Tuesday, June 30, 2009

iPhone, You Phone, We All Wanna iPhone

Two years ago, on the even of the expiration of my two-year cell phone contract, Apple released, and consequently redefined the cellphone industry with the iPhone. I found myself battling the allure of techno-lust while seeking to submit all that I was and had been given to The Kingdom. I reflected briefly on the peace I found in this victory after choosing to renew the contract with the bargain bin Nokia 2600 that is given free with contract.

Two years later, with the allure and popularity of the iPhone expanding tirelessly - 40+ million units strong, with 1 million of the awe inspiring 3GS sold just recently in its first weekend - I find the battle waging once again. Once again, I must evaluate all that I am and all that I have been given. What are the most responsible uses of my resources at this point in my life? What is the difference between vain amusement and a wholeness in my life? These are unavoidable questions.

Much to my suprise, two years later, these questions are increasingly easy to answer. I am able to peer past the allure and see value in paying off Elena and I's combined college education free of debt before either of us graduates. Even further, I can clearly see that in my context the added expenses of the iPhone will not contribute to a wholeness in my life.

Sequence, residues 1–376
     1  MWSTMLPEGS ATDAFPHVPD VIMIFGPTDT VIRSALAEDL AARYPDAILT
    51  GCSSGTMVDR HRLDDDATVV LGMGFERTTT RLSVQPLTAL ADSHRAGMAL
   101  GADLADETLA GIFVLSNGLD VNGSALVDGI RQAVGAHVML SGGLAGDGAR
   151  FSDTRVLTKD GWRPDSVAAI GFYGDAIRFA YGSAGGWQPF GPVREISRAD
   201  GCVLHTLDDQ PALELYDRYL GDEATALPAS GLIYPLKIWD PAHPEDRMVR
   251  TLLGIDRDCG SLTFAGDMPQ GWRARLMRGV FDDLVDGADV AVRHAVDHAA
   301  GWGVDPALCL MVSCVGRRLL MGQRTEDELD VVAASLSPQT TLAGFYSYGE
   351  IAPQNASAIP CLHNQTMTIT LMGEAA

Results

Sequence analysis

It is on that note that I can report I am a proud owner of the latest version of Nokia's 2600 bargain bin handset. I am proud because the previous model served me so well and the latest model has a bigger screen with better visibility in various lighting, better battery life, is slimmer and lighter, and now even has the frivolous conveniences of a camera and bluetooth.

On the iPhone front, it has been interesting to follow Apples deliberation concerning the distribution of apps of pornographic nature. After two yours of fairly strict enforcement, though vague long term policy, there is finally clarity in Apples decision to not distribute porn or inappropriate content. My guess this is less an effort to impose moral guidelines and more an effort to retain a sense of seriousness and professionalism in the content of the App store.

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